In Hadley Freeman’s column for The Guardian today, which is International Trans Visibility Day, she presents men (‘woke bros’, apparently, when we support trans rights) as showing their male privilege when they condemn TERFs – trans-exclusionary radical feminists – as bigots. The opinion piece is an incendiary provocation given not only its content but the timing of its publication.
I know how TERFs behave. They’re actively, viciously prejudiced against trans women and I don’t like haters of any kind. It’s that simple. Yet, apparently according to Freeman, men who condemn attacks on trans women by exclusionary cisgendered women believe ‘the feelings of self-identified trans women are… the only ones that matter’. No. We really don’t. Perhaps if TERFs considered the feelings and views and lived experiences of others to be as important as their own, we might get somewhere positive.
Of course, what Freeman is doing is nailing her transphobic colours to the mast. And getting paid for prejudice. Her ugly side had been showing previously but not to this degree.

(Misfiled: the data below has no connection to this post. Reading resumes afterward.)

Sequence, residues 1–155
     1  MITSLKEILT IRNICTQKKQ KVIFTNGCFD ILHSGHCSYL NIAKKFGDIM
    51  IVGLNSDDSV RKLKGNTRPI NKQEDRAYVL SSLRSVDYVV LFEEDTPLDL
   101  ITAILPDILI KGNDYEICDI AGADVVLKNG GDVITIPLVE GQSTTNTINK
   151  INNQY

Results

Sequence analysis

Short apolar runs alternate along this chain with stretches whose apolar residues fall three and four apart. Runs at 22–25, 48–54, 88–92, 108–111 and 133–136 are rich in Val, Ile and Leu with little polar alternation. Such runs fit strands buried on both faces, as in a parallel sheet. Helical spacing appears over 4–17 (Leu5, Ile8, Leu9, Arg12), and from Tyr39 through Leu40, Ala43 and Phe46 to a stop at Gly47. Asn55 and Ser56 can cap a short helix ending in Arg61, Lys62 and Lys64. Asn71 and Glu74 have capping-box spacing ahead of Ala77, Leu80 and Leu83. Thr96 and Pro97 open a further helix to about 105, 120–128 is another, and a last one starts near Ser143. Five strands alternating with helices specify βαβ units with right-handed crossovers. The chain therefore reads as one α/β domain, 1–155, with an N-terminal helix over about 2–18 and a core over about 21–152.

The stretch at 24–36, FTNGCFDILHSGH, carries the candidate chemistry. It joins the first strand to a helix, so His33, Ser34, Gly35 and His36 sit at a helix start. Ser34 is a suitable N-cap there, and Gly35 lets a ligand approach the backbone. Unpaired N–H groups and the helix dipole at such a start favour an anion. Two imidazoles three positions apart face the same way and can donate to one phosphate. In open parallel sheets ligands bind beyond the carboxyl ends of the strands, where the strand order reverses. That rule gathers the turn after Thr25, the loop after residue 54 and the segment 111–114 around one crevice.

For all the talk in the article of what men think and say, there isn’t a single quote from a man. What Freeman wants is for men to be silent and not involve themselves, not express opinions, not be allies to trans women when they’re fending off assaults both verbal and physical by TERFs. No way. If you’re going to attack vulnerable and oppressed groups, there are men – straight, gay, bi, asexual, poly, and more – who will stand against you and how dare you invoke the argument that we’re using male privilege when we are acting out of good conscience?
No wonder The Guardian hasn’t opened comments on Freeman’s guff, even though it’s an opinion piece and they usually do with those.